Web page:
The Green and White Army of Northern Ireland fans have joined the jet set in a frantic bid to make Paris in time for the historic Euro 2016 match against Wales.
As soon as the last 16 clash was confirmed on Wednesday night, a scramble for both flights and tickets began.
The unprecedented demand led to soaring prices and by Thursday morning the few remaining return flights to Paris from Belfast were costing up to £1,000.
Almost all of the obvious alternatives – via hubs in England and other French cities – had also sold out by Thursday afternoon.
Uefa put the tickets for the game on general release and many of the fans who bought flights earlier were then unable to secure a seat in the stands.
Others who had match tickets booked in advance of the group stage games were unable to find affordable travel arrangements at short notice.
One of the more exotic, but increasingly attractive, options available was private plane hire.
Ian Morrow of Jet Assist based at Belfast International said the private jet had become surprisingly competitive due to the soaring cost of alternatives, and could be the only option left for many who have exhausted all other possibilities.
There are 30 seats available of each of the two jets at Ian’s disposal but it was unclear what the deadline for having all passengers booked on would be to ensure the day return trip can go ahead at 9am on Saturday.
The Jet Assist chief executive said that the total hire cost from Belfast International to the business jet Le Bourget airport near the centre of Paris was £22,700 – or £750 per head.
One fan from Portadown, Glen Jameson, attempted to charter a 180-seat passenger plane for £70,000 (or £385 per head).
Late on Thursday he said the plan had to be called off due to a “perfect storm” of events, including French strikes and a sudden surge in demand for aircraft from mainstream airlines.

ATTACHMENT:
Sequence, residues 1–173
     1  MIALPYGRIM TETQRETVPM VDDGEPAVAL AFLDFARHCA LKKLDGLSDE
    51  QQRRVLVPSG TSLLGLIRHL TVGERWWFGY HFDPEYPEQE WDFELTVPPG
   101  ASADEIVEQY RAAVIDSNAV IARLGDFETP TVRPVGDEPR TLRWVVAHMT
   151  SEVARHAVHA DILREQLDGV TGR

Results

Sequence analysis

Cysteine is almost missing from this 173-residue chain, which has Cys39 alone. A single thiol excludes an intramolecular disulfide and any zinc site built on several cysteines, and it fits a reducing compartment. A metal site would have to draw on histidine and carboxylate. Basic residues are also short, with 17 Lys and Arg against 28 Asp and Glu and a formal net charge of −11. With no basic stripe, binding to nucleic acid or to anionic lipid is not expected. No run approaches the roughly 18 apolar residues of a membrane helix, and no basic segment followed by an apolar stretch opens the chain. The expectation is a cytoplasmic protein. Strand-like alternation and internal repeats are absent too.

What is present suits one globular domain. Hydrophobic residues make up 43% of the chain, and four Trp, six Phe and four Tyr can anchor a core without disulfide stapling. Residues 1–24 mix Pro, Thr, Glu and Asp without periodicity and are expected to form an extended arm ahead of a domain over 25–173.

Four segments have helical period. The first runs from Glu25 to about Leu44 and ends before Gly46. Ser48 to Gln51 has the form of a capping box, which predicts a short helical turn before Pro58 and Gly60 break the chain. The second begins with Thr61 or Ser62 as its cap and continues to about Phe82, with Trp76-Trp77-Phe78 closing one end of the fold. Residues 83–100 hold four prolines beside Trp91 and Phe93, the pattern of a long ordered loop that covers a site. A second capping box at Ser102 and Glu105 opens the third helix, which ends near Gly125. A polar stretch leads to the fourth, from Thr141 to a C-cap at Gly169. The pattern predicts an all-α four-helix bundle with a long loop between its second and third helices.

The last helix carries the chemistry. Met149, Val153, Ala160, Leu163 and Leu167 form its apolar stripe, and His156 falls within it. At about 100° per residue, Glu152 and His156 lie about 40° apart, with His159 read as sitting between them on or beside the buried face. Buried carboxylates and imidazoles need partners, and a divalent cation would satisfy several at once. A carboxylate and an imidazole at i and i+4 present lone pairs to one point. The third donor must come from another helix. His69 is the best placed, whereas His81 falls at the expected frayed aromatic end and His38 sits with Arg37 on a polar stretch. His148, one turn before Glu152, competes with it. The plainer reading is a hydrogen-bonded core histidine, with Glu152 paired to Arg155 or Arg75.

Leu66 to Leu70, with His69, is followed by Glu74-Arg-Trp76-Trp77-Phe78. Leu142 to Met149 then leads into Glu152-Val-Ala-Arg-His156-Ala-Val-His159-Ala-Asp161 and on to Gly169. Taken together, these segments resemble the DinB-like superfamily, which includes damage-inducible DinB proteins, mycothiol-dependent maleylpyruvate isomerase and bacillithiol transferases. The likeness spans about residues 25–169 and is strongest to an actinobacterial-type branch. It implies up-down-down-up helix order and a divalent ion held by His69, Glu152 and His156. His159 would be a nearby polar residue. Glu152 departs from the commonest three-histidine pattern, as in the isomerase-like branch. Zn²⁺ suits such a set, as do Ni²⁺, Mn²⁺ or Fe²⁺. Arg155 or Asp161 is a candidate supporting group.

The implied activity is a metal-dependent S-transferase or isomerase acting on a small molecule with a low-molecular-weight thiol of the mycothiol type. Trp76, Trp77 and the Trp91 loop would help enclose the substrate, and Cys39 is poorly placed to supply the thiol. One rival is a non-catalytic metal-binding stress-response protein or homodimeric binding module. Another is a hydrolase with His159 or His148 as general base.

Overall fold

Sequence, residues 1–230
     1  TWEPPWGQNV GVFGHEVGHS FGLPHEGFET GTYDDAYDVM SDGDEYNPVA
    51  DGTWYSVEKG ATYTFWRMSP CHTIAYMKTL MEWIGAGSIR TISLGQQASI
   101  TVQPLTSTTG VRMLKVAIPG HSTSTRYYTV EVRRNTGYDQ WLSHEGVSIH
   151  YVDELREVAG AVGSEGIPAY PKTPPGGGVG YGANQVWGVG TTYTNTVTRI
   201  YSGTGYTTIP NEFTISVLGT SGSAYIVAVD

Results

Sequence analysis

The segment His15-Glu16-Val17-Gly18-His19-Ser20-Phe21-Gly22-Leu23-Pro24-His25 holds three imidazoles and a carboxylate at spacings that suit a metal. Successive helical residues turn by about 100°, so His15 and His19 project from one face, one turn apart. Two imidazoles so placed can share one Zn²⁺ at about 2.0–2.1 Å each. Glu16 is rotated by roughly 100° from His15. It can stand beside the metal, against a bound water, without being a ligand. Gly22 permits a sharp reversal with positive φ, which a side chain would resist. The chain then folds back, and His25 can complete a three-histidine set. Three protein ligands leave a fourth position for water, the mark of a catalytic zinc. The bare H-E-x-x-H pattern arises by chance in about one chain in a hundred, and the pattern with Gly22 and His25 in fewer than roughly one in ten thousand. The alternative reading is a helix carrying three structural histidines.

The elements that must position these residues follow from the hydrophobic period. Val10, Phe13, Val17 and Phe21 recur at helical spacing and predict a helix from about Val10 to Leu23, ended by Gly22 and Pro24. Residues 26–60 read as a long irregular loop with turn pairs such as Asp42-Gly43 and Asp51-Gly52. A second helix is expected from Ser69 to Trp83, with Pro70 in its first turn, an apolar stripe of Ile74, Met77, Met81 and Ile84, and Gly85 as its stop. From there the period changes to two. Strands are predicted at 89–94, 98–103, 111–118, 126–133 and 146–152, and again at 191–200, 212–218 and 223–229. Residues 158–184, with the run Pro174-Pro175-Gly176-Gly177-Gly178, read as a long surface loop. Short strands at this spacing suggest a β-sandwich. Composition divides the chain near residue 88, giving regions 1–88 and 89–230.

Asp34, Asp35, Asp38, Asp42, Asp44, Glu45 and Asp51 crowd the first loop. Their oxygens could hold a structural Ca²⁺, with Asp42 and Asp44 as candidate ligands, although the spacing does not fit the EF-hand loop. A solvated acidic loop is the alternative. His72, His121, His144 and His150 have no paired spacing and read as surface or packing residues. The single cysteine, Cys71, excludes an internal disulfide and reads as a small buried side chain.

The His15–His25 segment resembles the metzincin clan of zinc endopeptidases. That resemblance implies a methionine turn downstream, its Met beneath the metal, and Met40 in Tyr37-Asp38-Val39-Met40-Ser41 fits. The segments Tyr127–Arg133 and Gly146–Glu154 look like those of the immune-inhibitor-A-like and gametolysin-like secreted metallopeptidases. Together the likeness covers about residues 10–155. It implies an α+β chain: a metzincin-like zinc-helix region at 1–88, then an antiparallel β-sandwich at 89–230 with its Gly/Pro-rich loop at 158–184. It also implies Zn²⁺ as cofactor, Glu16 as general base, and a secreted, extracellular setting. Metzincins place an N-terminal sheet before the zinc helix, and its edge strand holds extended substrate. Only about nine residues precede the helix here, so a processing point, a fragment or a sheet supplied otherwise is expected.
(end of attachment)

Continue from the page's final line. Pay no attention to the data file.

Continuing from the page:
An alternative for fans travelling to Paris this weekend is the ferry. However, the only available direct sailing departed at 8.30pm on Thursday from Rosslare arriving in Cherbourg at 4.30pm on Friday.
The price was €319 single for car plus driver with additional passengers costing €38 each per adult.
Another option is the Stena Line’s Landbridge from Dublin, Rosslare, and Belfast sailing to Britain with onward travel in the ticket price. Routes include via Dover to Calais/Dunkirk with single lead in fare costing £119 or €148 for car plus driver.
Other options include going via Eurotunnel (Folkestone to Calais) with a single fare costing £150.50 or €183 for car plus driver, and travelling via Brittany Ferries sailing to Roscoff, Cherbourg, Caen, and St Malo with a single lead in fare at £218 or €273 for car plus driver.
For committed fans that don’t mind long and complicated journeys there are several options for flights to Paris. For example, using a combination of easyJet and British Airways leaving Belfast at 11.15am on Friday fans could be in the French capital by shortly after 9pm – but would have to spend eight hours stopping off in Liverpool and Barcelona. The single price for the journey was £264 on Thursday morning but is likely to have risen sharply as fans exhaust all other options and demand increased.
Gary McAllister, chairman of the Amalgamation of Official NI Supporters Clubs, urged caution for those who were tempted to travel without tickets – saying ticket touts would probably change exorbitant rates for such an important game – and said there were still travel options available for those willing to city hop.
“They could fly into neighbouring countries, or other cities in France, and the make a connection by rail if they have the time,” Mr McAllister said.
“We have also been given advice to be wary of counterfeit tickets, so my advice is to be very careful about who you would buy tickets from.”
Mr McAllister said the association had worked hard to ensure the arrival of around 25,000 Northern Ireland fans in France went as smooth as possible.
“The AONISC has been working with the IFA, PSNI, the Foreign Office and Football Supporters’ Europe to provide the Northern Ireland Fans’ Embassy, which is a voluntary project organised by fans, for fans. The Fan Embassy project is recognised by Uefa and has been funded by DCAL and the IFA.
It assists with various issues such as lost passports and helps to put fans in contact with police and consular support.”
Mr McAllister added: “We visited the three host cities in which Northern Ireland played their group games earlier this year to look at match day arrangements. It’s an entirely voluntary project and our 50 ambassadors paid their own travel and other costs at Euro 2016, like all other fans.
“We have a Facebook page (TheAmalgamation), Twitter (@AoNISC_Travel) and our 24/7 helpline number is +447943 542 100.”